Raymond Sicignano's "Urban Portraits" are bold, colorful renderings of cityscapes that define human elements and expressions of a city or neighborhood. While these paintings capture a somewhat ephemeral and vanishing urban experience, they are nonetheless contemporary and actual venues that exist today, confident and brazen in their revolt against the ever growing, sterile whitewash of franchises and corporate logos. While each painting is an intimate view of everyday life at the street level that tells a uniquely individual story on its own, the collection as a whole portrays an important, almost anthropological representation of our culture on a larger scale. The work contains a strong optimism and human presence that embodies design, language and even humor.
Sicignano was born in 1958 in Brooklyn, NY. He studied at the Pratt Institute, receiving his BS degree in 1981. As a young person he was deeply involved in drawing and painting, and while working in Europe in the 1980s, he prepared for his work as an artist by intensively studying art in museums in London, Paris, and especially Florence. During that period, Sicignano met an American painter, became interested in his work, and represented him for the next few years, arranging exhibitions in a number of European cities.
This involvement was both an introduction to the art world, and stimulated him to begin painting when he returned to live in the U.S. in 1987. Settling in Englewood, NJ, where he currently lives and works, Sicignano started painting a scene from Venice featuring brightly colored boats reflected in the water. The canvas took six months to complete and served as a self-taught tutorial in the art of painting in oil. It also became for Sicignano a template for the work that was to follow, paintings of urban scenes with heightened color, that were both closely observed reality and poetic expressions that evoked both the spirit of a place and the artist’s inner life.
Sicignano has noted his special affinity for a number of artists, beginning with Vincent van Gogh, whose work he prizes for its color, emotion, and the passion “that comes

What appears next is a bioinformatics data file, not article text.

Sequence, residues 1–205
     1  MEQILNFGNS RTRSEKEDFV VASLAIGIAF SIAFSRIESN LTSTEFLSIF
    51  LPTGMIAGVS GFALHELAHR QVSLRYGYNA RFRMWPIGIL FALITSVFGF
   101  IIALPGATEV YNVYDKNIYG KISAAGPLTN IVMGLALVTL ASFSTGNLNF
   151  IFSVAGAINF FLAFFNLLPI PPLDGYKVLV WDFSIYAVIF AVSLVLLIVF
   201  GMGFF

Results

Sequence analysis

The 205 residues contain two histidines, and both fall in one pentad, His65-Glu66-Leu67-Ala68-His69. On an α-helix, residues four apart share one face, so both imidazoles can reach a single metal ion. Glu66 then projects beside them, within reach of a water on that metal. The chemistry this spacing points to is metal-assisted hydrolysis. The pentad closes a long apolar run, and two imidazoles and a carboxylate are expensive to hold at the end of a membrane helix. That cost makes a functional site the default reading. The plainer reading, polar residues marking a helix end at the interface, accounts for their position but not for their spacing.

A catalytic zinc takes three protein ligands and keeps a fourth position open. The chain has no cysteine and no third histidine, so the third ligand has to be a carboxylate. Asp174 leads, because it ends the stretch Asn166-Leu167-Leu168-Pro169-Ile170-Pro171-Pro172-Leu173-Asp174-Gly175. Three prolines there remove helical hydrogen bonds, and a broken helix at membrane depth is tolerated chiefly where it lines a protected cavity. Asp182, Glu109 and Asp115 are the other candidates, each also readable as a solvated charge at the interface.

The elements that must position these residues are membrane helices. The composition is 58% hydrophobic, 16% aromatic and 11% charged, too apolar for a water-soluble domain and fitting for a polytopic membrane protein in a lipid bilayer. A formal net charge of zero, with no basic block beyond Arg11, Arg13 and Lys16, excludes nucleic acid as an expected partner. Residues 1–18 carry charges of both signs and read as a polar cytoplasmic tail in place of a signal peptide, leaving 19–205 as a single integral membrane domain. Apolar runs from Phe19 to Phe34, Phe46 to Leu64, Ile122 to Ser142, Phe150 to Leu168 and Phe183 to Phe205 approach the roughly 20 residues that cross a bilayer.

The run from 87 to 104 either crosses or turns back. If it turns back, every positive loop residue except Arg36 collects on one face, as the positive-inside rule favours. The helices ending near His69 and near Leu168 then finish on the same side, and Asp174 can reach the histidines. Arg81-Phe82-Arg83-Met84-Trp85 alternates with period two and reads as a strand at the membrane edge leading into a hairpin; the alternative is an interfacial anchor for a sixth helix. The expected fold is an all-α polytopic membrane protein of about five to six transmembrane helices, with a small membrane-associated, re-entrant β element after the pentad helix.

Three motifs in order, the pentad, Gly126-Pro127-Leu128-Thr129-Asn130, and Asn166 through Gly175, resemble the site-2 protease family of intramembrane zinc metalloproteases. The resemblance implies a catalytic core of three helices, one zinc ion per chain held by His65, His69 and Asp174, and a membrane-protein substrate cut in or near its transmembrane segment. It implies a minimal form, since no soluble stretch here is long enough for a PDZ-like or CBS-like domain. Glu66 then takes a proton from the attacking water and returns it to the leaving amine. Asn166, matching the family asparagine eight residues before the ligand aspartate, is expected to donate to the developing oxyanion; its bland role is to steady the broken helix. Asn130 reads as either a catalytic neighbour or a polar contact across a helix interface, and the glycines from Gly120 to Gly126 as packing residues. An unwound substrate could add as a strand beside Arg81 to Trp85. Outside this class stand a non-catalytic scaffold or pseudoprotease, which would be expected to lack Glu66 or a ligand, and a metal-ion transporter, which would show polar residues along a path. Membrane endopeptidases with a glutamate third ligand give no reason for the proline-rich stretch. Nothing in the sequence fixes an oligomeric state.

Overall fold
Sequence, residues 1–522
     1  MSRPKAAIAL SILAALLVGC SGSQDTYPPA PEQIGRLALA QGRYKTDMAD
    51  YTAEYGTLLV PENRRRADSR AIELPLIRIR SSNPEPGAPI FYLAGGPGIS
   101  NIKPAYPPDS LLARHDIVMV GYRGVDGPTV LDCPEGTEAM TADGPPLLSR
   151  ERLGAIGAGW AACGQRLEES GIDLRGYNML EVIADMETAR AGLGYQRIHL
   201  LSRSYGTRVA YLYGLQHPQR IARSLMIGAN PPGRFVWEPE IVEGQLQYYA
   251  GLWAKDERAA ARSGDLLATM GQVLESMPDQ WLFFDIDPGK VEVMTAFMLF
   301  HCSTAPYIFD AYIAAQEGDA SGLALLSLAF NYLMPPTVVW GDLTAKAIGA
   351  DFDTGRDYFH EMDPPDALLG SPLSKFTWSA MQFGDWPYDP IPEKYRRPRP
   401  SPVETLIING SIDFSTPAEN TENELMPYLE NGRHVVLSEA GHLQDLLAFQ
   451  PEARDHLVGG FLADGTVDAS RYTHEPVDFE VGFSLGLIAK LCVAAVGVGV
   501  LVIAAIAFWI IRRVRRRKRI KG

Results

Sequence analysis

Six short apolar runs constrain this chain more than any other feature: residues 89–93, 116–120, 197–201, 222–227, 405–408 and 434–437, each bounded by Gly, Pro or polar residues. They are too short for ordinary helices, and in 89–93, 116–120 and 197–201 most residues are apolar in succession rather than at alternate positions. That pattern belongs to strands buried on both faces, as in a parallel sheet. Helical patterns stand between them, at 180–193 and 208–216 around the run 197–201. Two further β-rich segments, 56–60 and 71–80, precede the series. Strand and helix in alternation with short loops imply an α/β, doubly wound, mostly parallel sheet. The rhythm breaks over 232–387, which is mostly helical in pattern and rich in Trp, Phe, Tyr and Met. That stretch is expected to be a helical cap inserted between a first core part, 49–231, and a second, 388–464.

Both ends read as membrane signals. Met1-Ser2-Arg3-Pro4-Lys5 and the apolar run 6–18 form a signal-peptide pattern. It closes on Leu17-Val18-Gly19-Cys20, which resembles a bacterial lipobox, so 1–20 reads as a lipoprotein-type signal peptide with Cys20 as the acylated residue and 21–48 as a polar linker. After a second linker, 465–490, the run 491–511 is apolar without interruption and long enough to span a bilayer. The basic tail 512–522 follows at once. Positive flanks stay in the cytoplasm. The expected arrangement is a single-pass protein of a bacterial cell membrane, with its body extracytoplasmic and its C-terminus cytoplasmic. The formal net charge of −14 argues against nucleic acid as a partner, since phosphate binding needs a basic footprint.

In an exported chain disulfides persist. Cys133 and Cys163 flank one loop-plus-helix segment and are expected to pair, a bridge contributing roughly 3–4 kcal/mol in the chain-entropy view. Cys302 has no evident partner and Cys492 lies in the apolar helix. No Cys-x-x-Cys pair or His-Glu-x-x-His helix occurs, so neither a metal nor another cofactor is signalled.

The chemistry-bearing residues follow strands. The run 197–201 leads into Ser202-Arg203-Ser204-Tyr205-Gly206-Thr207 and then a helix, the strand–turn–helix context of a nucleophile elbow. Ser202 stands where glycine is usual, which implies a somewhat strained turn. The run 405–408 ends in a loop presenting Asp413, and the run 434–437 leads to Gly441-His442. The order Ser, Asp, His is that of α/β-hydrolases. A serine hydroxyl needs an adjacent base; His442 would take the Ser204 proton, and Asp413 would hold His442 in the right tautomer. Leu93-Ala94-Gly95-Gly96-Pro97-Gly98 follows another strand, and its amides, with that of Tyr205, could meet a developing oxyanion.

through no matter what he paints.” He particularly relates to the work of Edward Hopper, with his devotion to painting American cities, although he points out their distinct artistic temperaments. He sees in Hopper’s work a melancholy that contrasts to his own sense of optimism. In Giorgio De Chirico’s shadowed urban spaces, Sicignano found a parallel to his own emotive vision.
After painting a number of images of European cities, Sicignano turned to his immediate environment in Englewood for inspiration. Following a series of portraits and work from trips to Alaska and other settings, in 2001 he started an extended series of paintings based on Harlem street scenes, which took special delight in the strong colors and unique designs of the establishments he found there. The work he did was exhibited extensively in Harlem, and aroused in Sicignano an interest in jazz which lead to four trips to New Orleans, and a group of paintings based on sites in that city.
Sicignano has shown his work extensively in solo exhibitions at the Benedetti Gallery, The Sugar Hill Gallery, and The Brownstone, all in New York, and in group exhibitions, including those at the National Arts Club, New York, and the Byrne Gallery, Middleburg, VA.